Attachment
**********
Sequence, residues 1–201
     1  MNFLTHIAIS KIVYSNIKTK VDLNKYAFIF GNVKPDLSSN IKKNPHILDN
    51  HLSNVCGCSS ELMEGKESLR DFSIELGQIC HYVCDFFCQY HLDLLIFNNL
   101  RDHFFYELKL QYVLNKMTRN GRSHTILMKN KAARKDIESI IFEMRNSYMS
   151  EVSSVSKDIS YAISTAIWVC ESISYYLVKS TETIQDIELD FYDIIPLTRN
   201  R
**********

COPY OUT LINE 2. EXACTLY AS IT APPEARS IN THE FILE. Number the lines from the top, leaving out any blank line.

     1  MNFLTHIAIS KIVYSNIKTK VDLNKYAFIF GNVKPDLSSN IKKNPHILDN